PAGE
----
Helping readers, not just selling them things
I'm in Austin today, attending South by Southwest Interactive and presenting "The opportunity in abundance" as part of O'Reilly Media's one-day Tools of Change for Publishing event here. O'Reilly has hosted similar one-day events in Frankfurt, Bologna and Portland (Oregon), but this is the first "mini-TOC" in Austin.
Walking up to the event, Jenn Webb interviewed me about the ideas included in "abundance". The interview, which was posted yesterday on O'Reily's Radar blog, gave me a chance to return to several themes of particular interest. Among these:
- the roles of editors and publishers are changing (have changed, really)
- readers need publishers to help them solve problems, not just sell them printed or digital objects
- the publishing supply chain is being transformed by the growth of digital capacity, and
- publishing can take advantage of this moment by redefining itself as the engine of the engagement economy
If it is of interest, Webb's post includes links to the full text or screencast of prior talks. I greatly appreciate her work condensing a longer set of responses into something more manageable (and a post that hopefully helps its readers solve problems).
Updated during the day to add: O'Reilly is streaming the content of this event. There are several good speakers, and the program agenda is available at the link provided in the first paragraph.
except corporate publishing today is
_creating_ problems, not solving them.
making sure it works, and works together?
yeah, right. e-books work _smoothly_,
today, thanks to corporate leadership.
and reducing customer time and hassle?
again, yeah, right. things like d.r.m.
—especially in multiple variants—
are a great way to reduce time and hassle,
and we have corporate publishers to thank.
and no matter what dimension we consider,
we find that corporate publishing is the
locus of the _problem_, not the _solution_.
you say that corporate publishing needs to
“redefine itself”, as something it is not.
has it occurred to you, brian, that that’s
not just unlikely, but outright impossible?
taken in this light, the _correct_ light,
your prescription for corporate publishing
sounds more like the surgeon in the o.r.
pronouncing the patient’s time of death.
I spend time on both sides of the discussion. I’m not blind to the damage done by corporate interests, particularly larger publishers, who do things like insist on the use of DRM without understanding or accepting the role they are playing in enabling market dominance by Amazon.
But when I wrote “abundance”, I was thinking as much or more about institutions like libraries and smaller booksellers, both of whom depend (at least for the moment) on a set of industry structures that are under significant pressure.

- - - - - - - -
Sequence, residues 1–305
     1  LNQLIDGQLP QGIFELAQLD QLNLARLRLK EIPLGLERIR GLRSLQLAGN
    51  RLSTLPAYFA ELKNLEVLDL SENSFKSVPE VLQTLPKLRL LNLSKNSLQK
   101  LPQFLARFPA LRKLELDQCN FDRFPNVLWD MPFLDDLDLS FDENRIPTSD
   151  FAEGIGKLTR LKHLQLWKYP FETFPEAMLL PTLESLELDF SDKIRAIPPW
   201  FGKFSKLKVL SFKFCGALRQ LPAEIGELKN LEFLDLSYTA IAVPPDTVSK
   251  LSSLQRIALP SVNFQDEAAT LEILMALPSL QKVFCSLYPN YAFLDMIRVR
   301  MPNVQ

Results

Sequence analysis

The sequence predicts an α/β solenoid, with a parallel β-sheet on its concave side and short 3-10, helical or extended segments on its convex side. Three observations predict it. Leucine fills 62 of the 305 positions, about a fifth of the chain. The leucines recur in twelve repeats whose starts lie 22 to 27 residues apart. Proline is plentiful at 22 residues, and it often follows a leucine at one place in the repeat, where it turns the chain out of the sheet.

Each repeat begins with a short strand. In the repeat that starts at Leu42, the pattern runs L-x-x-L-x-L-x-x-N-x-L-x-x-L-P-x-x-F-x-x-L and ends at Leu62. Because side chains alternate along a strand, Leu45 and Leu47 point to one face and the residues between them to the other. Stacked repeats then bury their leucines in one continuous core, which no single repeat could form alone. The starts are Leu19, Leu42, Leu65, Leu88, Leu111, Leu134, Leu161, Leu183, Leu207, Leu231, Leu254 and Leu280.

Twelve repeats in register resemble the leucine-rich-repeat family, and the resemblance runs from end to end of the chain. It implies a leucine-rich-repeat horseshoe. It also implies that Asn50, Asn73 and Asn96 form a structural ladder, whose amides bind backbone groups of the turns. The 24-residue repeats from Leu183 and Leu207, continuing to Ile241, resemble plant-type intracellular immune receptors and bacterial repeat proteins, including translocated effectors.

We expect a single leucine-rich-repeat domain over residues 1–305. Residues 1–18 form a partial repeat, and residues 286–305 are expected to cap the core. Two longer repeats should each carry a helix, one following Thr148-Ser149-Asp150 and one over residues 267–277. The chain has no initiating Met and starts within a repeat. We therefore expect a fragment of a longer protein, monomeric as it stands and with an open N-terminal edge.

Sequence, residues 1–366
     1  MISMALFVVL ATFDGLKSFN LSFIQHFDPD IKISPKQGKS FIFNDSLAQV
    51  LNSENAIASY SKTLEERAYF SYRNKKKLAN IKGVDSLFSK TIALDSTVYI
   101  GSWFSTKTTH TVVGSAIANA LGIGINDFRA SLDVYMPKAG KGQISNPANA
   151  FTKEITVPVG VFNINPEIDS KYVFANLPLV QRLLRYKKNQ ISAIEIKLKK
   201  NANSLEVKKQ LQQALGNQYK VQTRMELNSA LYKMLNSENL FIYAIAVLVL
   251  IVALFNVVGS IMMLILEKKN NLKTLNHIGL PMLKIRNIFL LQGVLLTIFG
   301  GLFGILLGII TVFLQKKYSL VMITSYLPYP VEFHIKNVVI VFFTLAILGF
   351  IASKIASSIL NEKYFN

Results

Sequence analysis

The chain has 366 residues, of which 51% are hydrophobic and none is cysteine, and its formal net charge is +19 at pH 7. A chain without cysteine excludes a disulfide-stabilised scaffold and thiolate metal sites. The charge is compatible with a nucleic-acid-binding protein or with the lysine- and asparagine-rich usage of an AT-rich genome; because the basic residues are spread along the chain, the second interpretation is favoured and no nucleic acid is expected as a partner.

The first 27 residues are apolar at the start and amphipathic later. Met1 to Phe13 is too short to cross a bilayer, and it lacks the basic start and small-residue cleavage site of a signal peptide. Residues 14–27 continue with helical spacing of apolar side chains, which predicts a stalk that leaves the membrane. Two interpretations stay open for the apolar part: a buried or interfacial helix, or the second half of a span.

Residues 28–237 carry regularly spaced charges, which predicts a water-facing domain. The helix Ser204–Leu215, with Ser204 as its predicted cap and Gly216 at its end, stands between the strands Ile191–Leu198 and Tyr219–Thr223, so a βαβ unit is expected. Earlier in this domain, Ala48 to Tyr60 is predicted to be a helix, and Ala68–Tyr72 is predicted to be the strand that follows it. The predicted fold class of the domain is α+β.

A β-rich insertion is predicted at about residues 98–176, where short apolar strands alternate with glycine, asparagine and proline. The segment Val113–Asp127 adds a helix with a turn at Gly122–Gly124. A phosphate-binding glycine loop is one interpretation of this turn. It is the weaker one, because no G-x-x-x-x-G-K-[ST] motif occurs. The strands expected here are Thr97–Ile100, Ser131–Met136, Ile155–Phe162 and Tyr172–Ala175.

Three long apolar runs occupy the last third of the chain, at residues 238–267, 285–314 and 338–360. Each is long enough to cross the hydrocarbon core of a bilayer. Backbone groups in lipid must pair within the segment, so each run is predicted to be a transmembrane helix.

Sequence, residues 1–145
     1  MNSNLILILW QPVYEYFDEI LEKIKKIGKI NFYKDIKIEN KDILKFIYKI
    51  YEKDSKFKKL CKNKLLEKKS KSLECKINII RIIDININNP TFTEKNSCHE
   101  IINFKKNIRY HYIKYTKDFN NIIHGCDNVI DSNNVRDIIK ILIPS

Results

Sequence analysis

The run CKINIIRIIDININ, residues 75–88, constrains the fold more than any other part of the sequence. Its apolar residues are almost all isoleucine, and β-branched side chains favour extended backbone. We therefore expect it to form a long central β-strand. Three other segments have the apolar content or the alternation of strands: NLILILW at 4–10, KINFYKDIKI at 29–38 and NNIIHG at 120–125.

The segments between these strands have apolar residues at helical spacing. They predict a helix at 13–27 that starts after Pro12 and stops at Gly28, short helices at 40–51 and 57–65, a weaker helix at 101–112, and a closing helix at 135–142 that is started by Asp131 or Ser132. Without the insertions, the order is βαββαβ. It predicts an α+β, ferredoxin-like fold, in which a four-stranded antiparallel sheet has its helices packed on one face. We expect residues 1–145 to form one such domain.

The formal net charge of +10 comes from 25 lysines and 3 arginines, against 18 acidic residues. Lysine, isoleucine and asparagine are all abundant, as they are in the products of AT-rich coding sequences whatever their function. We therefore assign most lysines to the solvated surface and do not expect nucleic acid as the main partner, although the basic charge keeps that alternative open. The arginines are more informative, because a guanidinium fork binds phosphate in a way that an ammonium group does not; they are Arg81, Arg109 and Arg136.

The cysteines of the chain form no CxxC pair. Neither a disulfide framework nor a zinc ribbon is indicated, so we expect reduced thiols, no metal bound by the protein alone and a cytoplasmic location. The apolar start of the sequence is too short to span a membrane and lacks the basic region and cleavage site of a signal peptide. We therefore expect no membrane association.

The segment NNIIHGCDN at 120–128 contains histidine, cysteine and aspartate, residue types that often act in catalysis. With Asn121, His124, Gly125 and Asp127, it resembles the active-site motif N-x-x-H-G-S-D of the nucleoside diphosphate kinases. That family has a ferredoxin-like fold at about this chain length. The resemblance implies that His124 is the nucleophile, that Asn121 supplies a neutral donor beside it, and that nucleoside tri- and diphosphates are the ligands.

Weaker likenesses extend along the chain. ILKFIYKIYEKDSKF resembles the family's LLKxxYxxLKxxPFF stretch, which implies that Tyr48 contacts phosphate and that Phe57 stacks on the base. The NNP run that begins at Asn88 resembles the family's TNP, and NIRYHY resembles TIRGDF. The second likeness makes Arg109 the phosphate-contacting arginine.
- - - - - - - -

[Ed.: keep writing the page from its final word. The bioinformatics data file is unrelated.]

Maybe it’s best, or inevitable, that the dinosaurs among us meet a swift and timely end. I just worry that the comets that do the deed will create an ice age that costs us stuff we really care about, as well.
We may not come to a place where we agree on that, but I start most days thinking you’re right, that this is not a winnable proposition. To this point, I’ve ended most of those convincing myself otherwise. Then, I get up again
> I start most days thinking
> you’re right, that this is
> not a winnable proposition.
i am right, i’m absolutely right, and
my side—the good guys—_will_ win.
you might “spend time on both sides”,
but you’re rooting for the wrong side,
a.k.a. the greedy corporate bastards…
the only question is whether your boys
will poison the well on their way out.
they are the mean and vindictive type.
they’ve already proven they’ll pollute
the planet to play their poker game, and
rob the till to reward themselves rich.
so what’s a little cultural sabotage?
You have a unique gift for clarifying I hope our paths cross sooner rather than later, and we can kick this (and me!) around over a drink or two.
There’s plenty of evidence that companies on the edge of a cliff act in ways that are detrimental to almost everyone around them (I use Anderson News as an example in the presentation I gave yesterday). I don’t think that failing publishers would be immune from that.
Thanks for the stream. Yep, 01:54 eastern and just catching up.
My mobile still needs the ustream setup—Yes, wifi plenty quick—Yes, I am plenty slow getting #SXSW event set.
Have Fun & all.
I’m not sure if the stream was only real-time or if it was also archived. If there is an archive, I recommend the presentations by Todd Sattersten and Josh Clark. There were many good talks and panels; I just found those two particularly helpful.